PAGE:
Right now the environment is one of the most talked about topics. “What is good for the environment?” “What’s damaging the environment beyond repair?” Generally during debate, logging gets brought up as a negative aspect with the assumption that logging companies are rapidly depleting the world of its forests. But is that entirely true? Not even close.
The timber industry is one of the oldest and most established industries in the United States, as well as all other countries of the world, due to the need for wood. We use wood for everything, whether it is for building homes and furniture, manufacturing paper, or simply burning in fireplaces for heat. With a resource so critical, what is being done to prevent the worst-case scenario of global deforestation? Actually, quite a lot.
Turns out, the logging companies, while looking like the bad guys all the time, do a lot to ensure that they aren’t. Beyond supporting local economies by providing jobs and business, dozens of rules and regulations are in place to prevent a catastrophe such as the loss of an entire forest or the destruction of an ecosystem. Coming from Oregon’s timber laws, one such law demands that within a year of harvesting, the process of replanting occurs and wraps up within that year. That means that for each tree cut down, another tree is planted. Think of that: Every time you purchase a plank of wood, essentially you’re purchasing another tree getting planted. If logging companies did nothing but chop trees indiscriminately, they’d eventually run out of their most precious commodity, leading to a complete breakdown of the industry. As callused as it may sound, they just aren’t stupid enough to shoot themselves in the foot, a fact that thankfully becomes good news for us.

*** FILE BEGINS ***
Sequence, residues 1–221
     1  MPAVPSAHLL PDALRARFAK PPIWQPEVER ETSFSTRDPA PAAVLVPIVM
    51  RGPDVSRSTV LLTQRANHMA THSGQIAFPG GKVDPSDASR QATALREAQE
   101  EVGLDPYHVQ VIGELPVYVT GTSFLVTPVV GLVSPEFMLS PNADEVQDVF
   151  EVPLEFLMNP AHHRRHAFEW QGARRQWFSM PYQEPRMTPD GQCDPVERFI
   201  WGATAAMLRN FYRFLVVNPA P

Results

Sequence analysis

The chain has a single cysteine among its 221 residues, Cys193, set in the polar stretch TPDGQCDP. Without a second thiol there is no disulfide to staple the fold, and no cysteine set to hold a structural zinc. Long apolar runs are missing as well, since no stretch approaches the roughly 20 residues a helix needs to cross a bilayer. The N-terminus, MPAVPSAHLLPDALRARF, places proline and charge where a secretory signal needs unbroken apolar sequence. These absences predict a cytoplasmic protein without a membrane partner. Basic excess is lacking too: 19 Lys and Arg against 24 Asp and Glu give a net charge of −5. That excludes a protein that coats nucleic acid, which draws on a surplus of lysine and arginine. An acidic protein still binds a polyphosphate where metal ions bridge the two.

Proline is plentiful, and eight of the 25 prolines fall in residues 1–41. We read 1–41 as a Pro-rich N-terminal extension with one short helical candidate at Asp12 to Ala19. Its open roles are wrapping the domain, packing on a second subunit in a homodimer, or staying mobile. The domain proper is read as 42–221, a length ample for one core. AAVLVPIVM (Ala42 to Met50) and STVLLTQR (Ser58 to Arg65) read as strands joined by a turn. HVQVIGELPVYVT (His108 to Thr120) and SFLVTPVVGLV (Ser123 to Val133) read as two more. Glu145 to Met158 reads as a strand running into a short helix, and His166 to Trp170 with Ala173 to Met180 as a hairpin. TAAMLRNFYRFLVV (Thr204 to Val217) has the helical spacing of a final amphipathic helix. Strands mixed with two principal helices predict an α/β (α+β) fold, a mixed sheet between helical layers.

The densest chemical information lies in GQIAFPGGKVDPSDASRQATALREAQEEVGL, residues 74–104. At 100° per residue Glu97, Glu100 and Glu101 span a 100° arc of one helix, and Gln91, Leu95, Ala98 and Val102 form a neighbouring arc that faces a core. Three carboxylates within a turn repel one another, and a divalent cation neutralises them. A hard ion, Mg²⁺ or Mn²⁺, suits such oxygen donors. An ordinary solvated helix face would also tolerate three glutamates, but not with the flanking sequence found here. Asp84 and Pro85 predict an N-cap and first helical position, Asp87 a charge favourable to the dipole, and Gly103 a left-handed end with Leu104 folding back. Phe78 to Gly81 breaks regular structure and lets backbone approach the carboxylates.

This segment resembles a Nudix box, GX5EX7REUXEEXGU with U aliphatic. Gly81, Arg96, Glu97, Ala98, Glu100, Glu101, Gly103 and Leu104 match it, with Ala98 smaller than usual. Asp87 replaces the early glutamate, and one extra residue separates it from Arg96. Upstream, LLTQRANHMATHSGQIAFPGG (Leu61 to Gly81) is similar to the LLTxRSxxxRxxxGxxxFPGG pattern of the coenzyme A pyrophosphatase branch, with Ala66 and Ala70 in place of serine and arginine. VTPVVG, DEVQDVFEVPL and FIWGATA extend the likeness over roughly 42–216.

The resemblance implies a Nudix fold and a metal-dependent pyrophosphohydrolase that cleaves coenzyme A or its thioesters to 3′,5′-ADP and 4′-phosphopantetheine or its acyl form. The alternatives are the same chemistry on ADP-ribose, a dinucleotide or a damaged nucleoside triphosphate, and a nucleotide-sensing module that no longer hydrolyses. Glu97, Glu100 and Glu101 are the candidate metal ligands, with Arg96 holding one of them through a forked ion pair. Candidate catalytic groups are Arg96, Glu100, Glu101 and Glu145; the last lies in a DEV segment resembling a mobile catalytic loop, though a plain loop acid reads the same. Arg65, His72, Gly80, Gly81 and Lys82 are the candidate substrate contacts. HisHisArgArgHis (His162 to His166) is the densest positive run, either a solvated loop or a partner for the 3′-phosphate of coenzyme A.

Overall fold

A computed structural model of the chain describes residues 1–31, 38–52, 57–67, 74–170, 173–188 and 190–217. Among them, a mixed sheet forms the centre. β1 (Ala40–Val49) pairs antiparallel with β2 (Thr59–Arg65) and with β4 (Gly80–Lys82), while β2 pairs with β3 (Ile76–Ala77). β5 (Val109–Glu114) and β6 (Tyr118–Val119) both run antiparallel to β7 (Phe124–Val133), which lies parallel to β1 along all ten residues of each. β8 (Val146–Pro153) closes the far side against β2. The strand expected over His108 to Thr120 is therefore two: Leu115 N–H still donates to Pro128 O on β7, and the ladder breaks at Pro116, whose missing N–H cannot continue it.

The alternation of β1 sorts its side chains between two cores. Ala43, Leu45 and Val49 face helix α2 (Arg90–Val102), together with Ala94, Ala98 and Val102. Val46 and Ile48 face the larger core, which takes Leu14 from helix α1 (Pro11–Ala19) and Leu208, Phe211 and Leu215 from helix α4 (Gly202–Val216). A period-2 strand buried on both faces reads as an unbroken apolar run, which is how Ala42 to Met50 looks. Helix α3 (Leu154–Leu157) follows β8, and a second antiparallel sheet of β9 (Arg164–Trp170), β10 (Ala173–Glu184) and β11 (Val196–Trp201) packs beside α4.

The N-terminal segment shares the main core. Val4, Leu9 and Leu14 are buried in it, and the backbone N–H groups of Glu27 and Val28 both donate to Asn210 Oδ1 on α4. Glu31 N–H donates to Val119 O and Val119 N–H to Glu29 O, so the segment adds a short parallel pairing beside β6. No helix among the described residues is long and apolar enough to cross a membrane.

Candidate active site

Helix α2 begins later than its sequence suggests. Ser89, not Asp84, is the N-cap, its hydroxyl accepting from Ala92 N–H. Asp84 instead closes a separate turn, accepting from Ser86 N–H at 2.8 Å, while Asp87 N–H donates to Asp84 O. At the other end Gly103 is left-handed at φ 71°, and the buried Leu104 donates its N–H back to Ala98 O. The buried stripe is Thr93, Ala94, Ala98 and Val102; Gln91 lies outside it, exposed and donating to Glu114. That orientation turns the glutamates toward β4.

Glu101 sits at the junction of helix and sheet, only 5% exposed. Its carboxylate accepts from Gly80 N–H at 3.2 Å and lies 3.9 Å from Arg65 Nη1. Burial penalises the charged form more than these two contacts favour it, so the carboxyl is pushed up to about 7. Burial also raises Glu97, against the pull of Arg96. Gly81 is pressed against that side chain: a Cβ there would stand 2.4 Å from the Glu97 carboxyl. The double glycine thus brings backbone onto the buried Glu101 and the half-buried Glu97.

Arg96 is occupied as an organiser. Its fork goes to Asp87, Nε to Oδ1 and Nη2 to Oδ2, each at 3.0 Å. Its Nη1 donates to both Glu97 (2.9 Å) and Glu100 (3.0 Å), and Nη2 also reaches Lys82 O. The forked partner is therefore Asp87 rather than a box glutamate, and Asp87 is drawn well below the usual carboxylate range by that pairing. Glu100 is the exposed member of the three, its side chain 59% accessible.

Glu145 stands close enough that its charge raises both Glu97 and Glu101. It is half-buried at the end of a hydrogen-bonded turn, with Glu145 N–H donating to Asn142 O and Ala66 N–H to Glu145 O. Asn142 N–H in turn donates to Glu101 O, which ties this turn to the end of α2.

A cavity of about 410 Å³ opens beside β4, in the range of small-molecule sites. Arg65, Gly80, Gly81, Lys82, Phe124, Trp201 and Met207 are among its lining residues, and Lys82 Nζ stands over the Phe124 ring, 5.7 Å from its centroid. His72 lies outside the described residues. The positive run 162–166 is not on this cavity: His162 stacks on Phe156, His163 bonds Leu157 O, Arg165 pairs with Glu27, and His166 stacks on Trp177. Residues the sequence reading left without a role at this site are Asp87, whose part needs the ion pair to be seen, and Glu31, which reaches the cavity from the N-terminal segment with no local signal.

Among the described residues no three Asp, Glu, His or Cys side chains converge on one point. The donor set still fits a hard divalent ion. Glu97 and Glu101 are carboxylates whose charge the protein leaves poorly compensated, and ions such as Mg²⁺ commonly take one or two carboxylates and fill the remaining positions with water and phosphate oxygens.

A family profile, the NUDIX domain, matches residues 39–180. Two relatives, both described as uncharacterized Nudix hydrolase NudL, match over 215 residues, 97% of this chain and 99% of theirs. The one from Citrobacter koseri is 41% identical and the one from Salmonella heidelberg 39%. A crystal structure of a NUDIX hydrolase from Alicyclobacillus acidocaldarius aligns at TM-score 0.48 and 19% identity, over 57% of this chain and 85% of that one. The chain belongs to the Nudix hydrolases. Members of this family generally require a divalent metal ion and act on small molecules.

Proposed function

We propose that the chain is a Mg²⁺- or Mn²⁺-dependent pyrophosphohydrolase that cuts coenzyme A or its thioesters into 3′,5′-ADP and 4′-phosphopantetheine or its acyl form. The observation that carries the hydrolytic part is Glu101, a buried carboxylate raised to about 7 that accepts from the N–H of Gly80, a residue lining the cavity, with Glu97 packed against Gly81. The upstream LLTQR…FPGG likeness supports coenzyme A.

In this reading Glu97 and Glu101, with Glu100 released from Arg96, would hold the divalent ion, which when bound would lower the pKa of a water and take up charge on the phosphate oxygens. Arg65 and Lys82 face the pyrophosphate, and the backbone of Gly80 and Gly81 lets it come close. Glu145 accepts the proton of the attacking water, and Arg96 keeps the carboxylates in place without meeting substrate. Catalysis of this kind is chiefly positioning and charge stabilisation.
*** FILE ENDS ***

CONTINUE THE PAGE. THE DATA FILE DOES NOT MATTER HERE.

A lot of people have the notion that logging companies clear-cut forests down to the ground, but that’s also not true. According to another of Oregon’s timber laws, clearcutting cannot be done to more than 120 acres in one area owned by the logging company, and further clearcutting cannot be done within 300 feet of the same area until the first area has been completely reforested. Much of the time, this means that logging companies are moving around from place to place, taking some trees but leaving most. This leaves time for the younger trees to grow in between logging cycles and perpetuates the rebuilding of forests at a regular pace.
In fact, at this point in time a lot of people have the incorrect assumption that our forests are disappearing, even though we have just as much forestland in the United States as we had 300 years ago. The place where the most clearcutting of forests- specifically rain forests- is happening turns out to be in small, impoverished countries and performed by the actual natives. They’re faced with the problem of feeding their families, and the only way to accomplish this is by planting more crops, so they have to slash and burn through more rain forest acres to find the needed land.
Much of the movement against logging companies has come not as a result of activists seeking justice for the environment but rather as a general anti-big business movement, something that does a lot to deflate such a movement’s credibility or reliability. Semantics can be a very tricky thing. Picking a scapegoat is a dangerous move, especially in this case as the scapegoat singled out happens to be one of the good guys, predominantly.
To be fair, not all logging companies are upstanding examples of smart ecological business practices. Just as in any other industry, there are some unfortunate members that choose to just do what they want, in this case skirting the laws and doing what they please, such as cutting too much in one area or cutting in areas that aren’t approved for logging. However, do not judge the entire industry on these isolated instances alone! You’d be doing a great injustice to the rest of the industry, much like if you said that all of law enforcement was corrupt and needed to be taken down just because of a few cops that take bribes. The fact of the matter is, the logging industry does far more good than evil.
If anything, logging companies are going a long way to preserve forests and ensure they remain a sustainable commodity for hundreds of years to come. You must be careful about the dichotomy created when attacking logging companies and those who clearcut trees. It can easily become a “Small Guys vs Big Business” debate, or even a “Rich Nations vs Impoverished Nations” debate when looked at from the correct angles, and unfortunately we’re paitning the “Rich Nations” as the good guys here. So be aware of what’s happening out there and learn your facts. Sometimes not everything is exactly as the world perceives.